The landscape of the UAE is also diverse, despite still being perceived as a desert country. “What others tried to achieve within 50 years, we achieve in five years”, says Sheikh Mohammed Bin Rashid Al-Maktoum, Vice President and Prime Minister (head of government) of the UAE. Since 2006, he has also been the ruler of the emirate of Dubai – a name to rival London, New York, or Singapore – a dream factory “Made in Arabia”.

Over the years, “Sheikh Mo”, as the inhabitants of Dubai call their ruler, has become the ambassador and icon of the southern Gulf state. However, the President of the UAE is HH Sheikh Khalifa Bin Zayed Al Nahyan.

The Al-Nahyans are the ruling family in Abu Dhabi while the Al-Maktoums rule Dubai. It was the president’s father, Sheikh Zayed, who founded the state in 1971, after it became independent through a trucial agreement with the United Kingdom.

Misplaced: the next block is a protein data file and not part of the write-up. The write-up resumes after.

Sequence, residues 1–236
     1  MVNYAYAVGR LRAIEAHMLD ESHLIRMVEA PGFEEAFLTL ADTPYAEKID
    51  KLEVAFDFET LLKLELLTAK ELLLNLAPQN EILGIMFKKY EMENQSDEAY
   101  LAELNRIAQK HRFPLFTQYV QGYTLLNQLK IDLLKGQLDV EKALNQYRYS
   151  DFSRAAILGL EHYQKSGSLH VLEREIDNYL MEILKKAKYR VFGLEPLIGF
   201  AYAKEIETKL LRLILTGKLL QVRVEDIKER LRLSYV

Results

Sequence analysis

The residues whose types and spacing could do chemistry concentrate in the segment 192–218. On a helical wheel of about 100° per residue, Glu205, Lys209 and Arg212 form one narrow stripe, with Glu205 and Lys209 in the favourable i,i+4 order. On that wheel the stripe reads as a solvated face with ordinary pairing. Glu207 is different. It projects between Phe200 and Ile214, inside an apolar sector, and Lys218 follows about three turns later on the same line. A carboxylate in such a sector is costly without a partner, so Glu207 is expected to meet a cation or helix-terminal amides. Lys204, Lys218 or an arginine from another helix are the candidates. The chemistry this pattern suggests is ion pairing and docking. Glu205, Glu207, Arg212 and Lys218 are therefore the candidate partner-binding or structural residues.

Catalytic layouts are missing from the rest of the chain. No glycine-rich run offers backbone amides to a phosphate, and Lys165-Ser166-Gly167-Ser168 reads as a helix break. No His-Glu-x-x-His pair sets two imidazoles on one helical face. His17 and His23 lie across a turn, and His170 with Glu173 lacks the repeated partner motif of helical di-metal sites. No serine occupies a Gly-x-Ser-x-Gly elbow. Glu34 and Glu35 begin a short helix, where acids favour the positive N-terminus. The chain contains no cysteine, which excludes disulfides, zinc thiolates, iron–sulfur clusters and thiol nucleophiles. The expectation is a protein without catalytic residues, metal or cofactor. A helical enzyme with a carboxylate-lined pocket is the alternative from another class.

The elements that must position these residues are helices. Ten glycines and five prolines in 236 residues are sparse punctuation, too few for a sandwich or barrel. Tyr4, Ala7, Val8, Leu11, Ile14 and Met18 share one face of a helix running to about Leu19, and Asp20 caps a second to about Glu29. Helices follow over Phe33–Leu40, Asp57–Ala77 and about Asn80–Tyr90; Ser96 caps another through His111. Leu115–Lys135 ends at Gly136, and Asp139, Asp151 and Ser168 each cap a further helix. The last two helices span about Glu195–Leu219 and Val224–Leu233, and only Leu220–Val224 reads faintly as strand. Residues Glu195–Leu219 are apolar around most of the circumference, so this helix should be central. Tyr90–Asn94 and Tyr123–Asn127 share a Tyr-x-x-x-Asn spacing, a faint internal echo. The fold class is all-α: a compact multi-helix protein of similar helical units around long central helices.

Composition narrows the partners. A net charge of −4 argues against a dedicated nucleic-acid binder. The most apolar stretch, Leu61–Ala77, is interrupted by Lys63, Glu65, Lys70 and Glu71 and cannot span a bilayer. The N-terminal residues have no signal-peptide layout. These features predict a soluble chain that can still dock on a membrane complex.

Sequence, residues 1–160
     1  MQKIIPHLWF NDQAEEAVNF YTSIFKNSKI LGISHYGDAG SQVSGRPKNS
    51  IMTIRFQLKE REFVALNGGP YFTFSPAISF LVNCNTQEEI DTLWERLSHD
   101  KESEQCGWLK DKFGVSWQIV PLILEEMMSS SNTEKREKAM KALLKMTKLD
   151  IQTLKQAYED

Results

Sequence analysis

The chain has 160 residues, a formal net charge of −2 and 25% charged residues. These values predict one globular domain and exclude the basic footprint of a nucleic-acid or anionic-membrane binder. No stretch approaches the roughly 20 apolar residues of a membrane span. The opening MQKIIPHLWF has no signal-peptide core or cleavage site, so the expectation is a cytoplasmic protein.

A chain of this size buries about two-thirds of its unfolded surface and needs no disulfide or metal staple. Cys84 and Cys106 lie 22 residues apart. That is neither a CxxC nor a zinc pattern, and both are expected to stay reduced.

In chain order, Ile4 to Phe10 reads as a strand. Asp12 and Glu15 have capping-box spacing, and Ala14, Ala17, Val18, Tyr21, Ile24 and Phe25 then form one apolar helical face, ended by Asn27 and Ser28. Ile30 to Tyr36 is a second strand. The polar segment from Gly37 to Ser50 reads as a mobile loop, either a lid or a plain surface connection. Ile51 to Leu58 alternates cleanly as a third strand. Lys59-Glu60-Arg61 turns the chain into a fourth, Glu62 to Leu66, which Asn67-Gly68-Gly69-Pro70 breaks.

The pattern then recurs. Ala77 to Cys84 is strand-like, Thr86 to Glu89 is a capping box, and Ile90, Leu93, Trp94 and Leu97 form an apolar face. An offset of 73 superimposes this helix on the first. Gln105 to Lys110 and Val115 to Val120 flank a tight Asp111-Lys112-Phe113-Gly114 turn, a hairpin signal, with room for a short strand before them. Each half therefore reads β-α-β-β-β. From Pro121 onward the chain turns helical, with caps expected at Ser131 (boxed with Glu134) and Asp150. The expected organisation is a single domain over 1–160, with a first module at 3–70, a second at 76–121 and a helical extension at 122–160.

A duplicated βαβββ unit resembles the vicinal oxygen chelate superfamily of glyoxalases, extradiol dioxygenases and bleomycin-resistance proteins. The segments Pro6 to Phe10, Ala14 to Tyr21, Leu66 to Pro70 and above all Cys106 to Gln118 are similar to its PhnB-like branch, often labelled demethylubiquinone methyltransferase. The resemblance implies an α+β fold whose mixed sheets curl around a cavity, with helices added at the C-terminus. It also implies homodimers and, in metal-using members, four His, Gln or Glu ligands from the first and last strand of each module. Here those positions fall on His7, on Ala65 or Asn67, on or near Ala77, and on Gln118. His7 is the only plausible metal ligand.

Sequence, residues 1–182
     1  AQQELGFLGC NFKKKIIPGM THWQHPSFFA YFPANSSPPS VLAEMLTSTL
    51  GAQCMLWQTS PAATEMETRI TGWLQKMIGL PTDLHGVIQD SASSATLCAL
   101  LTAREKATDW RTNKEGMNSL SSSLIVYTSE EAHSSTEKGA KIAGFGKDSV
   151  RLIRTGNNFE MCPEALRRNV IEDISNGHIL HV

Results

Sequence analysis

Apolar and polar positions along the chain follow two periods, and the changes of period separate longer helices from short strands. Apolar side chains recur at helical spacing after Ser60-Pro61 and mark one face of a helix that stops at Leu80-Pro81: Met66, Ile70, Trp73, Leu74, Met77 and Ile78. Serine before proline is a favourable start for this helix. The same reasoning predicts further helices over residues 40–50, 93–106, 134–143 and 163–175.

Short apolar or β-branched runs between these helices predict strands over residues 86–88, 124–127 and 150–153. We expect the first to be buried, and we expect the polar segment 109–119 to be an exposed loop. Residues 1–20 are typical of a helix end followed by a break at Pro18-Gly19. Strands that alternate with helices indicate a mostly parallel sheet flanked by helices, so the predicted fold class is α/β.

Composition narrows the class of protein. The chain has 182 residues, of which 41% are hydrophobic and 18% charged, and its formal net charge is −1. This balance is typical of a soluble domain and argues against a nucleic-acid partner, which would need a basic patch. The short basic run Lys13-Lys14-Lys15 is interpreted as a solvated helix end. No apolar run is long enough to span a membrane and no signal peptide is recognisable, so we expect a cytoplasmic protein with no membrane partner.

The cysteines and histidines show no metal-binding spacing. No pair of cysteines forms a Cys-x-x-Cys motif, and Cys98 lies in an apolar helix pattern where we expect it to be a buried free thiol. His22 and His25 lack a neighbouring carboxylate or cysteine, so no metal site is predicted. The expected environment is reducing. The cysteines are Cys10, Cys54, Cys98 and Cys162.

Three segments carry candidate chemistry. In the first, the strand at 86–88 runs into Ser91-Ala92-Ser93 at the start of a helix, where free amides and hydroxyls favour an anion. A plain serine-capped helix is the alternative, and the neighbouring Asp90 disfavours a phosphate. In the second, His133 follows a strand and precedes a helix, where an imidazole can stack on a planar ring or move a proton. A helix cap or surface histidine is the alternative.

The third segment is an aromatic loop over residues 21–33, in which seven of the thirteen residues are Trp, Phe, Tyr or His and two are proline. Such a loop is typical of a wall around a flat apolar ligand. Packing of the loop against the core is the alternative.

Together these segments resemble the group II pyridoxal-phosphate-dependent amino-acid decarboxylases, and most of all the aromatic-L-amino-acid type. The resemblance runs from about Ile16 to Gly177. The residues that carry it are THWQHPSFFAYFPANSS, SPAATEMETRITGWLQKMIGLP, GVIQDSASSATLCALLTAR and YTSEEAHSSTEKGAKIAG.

Dubai-Clock Tower in the 60ties – UAE Tourism

Dubai-Sheikh Zayed road in the 60ties – UAE Tourism

HH Sheikh Khalifa Bin Zayed Al Nahyan –  UAE Tourism

Unlike in India, the British have never been regarded as colonialists in the UAE and relations between the two countries have always been warm and close. A sound and wise policy of bilateral partnership is the guideline for the UAE’s international relations.

In 2007, the UAE attracted over 19 billion dollars of foreign direct investment (FDI).

As with many Arab leaders, Sheikh Mohammed, who is also the UAE Minister of Defence, received his military education in the UK, at Mons Officer Cadet School, before studying languages.

HH Sheikh Mohammed Bin Rashid Al-Maktoum –  UAE Tourism


Emirates Towers – UAE Tourism